Transmission

How is it transmitted?

COVID-19 is transmitted by close contact with people infected by the virus, or contaminated surfaces and objects.

This disease is transmitted through droplets released by the nose or mouth when we cough or sneeze, which can directly reach the mouth, nose and eyes of those close to us.

Droplets can be deposited on objects or surfaces that surround the infected person. In turn, other people can become infected by touching these objects or surfaces and then touching their eyes, nose or mouth with their hands.

What is community transmission?

When a person is diagnosed with COVID-19, health authorities conduct an epidemiological survey to, among other information, understand the source of the infection. When this source cannot be identified, that is, who transmitted the virus, it is said that we are dealing with a community transmission area.

What is the incubation period?

It is estimated that the disease incubation period (time from exposure to the virus to the appearance of symptoms) is between 2 and 14 days. Transmission by asymptomatic people (without symptoms) is still being investigated.

What is “close contact”?

The following cases can be considered as close contacts:

  • Person with exposure associated with health care, namely the provision of direct care to patients with COVID-19 or contact in a laboratory environment with samples of COVID-19;
  • Contact in proximity or in a closed environment with a patient with COVID-19 (ex: classroom);
  • People traveling with a patient with COVID-19, such as:
  1. traveling companions on an airplane: people who are two seats to the patient’s left or right, 2 seats in the two consecutive rows in front of the patient and two seats in the two consecutive rows behind the patient and crew members who served the patient’s section;
  2. travel companions on a ship: people who shared the same cabin and crew members who served the patient’s cabin.
  3. Or other means of transport (buses, trains …)

The Health Authority may consider other individuals not defined in the previous points as close contact (the assessment is made on a case-by-case basis).

Can domestic animals transmit 2019- NCOV?

No. According to information from the World Health Organization (WHO), there is no evidence that domestic animals, such as dogs and cats, have been infected and that, consequently, they can transmit 2019-nCoV.

Can Covid-19 be transmitted through food including chilled and frozen food?

Coronaviruses are usually transmitted from person to person through respiratory droplets. According to the European Food Safety Authority (EFSA) “the experiences of previous outbreaks with coronavirus, namely with the SARS-CoV coronavirus and the MERS-CoV coronavirus, show that its transmission did not occur through food consumption”.

Currently, there is no evidence to support the transmission of COVID-19 by food.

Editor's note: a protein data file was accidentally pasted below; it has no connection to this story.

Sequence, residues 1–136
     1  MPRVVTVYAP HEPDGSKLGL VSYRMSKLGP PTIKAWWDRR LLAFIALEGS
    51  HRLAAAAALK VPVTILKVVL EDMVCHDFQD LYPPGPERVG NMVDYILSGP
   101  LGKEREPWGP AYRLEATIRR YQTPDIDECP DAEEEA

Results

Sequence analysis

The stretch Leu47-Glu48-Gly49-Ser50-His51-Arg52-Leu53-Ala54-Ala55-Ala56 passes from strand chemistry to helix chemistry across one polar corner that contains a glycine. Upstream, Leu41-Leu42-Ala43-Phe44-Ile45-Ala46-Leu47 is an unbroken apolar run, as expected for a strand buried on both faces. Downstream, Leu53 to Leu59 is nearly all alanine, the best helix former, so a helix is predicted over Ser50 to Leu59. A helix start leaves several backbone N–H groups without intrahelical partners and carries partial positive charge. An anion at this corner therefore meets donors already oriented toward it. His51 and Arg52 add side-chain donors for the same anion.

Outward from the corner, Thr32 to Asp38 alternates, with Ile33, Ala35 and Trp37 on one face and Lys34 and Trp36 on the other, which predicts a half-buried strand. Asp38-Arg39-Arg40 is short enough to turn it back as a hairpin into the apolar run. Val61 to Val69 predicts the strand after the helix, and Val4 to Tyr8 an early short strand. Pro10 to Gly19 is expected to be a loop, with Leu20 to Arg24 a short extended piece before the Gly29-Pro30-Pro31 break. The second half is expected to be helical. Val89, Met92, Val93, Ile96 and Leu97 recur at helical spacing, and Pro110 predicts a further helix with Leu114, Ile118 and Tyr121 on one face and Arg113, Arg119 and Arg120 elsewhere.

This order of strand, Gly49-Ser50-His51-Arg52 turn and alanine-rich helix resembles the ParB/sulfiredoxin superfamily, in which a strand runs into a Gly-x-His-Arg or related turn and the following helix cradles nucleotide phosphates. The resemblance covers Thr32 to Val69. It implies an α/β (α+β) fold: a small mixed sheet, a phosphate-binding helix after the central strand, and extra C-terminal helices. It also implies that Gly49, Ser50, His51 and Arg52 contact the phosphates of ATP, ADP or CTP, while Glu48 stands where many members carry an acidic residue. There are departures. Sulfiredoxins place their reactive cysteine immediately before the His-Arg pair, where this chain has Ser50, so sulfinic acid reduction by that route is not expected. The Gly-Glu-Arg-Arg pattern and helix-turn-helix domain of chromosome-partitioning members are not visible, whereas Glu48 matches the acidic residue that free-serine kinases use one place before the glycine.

However, applying the precautionary principle, maintaining and reinforcing good hygiene and food safety practices during food handling, preparation and co-infection is recommended.

Taking the precautionary principle, the WHO published on its website some recommendations regarding good hygiene and food safety practices and, at national level, the Food and Economic Security Authority (ASAE), published the statement – Can the new type of coronavirus be transmissible through Food?

Of these guidelines regarding the preparation, confection and consumption of food, the following good hygiene practices are highlighted:

  • Frequent and prolonged hand washing (with soap and water for 20 seconds), followed by proper drying to avoid cross contamination (for example, close the tap with a paper towel instead of the hand that opened it while it was dirty)
  • Proper disinfection of worktops and tables with appropriate products
  • Avoid contamination between raw and cooked food
  • Cook and “plate” food at appropriate temperatures and wash raw food properly
  • Avoid sharing food or objects between people during preparation, cooking and consumption

 

ASAE will continue to monitor this situation on an ongoing basis and whenever justified, it will issue new communications or technical documents.

Will hot weather stop the Covid-19 outbreak?

It is not yet known whether climate or temperature affects the spread of COVID-19. Other viruses, for example those that cause influenza, spread more during the colder months. However, this does not mean that you do not become ill from these viruses during the other months.

At the moment, there is no evidence that the spread of COVID-19 will slow when the weather gets warmer. There is still much to learn about the mode of transmission, gravity and other information related to COVID-19, and investigations are ongoing.

Can an asymptomatic person transmit COVID-19?

The risk of getting COVID-19 from someone without symptoms is very low. However, many infected people have only mild symptoms, especially in the early stages of the disease. Therefore, it is possible to contract the virus from someone who has only a mild cough, for example, and does not feel sick.

Can children transmit COVID-19 infection and disease?

Yes, children infected with SARS-CoV-2 or who are in the incubation phase also transmit the disease. Due to close proximity between children, maintaining very close contact during play and sharing toys with droplets and secretions can be a great transmitter of COVID-19. As young children are vulnerable and do not yet have the capacity to defend themselves and to make decisions about their own protection, adults must ensure the necessary care to reduce the likelihood of transmission.

How long can the virus survive on surfaces?

It is unclear how long the virus that causes COVID-19 survives on surfaces, but it appears to behave like other coronaviruses. Studies suggest that coronaviruses (including preliminary information about the COVID-19 virus) can persist on surfaces from a few hours to several days. This can vary depending on the conditions, such as the type of surface, the temperature or humidity of the environment.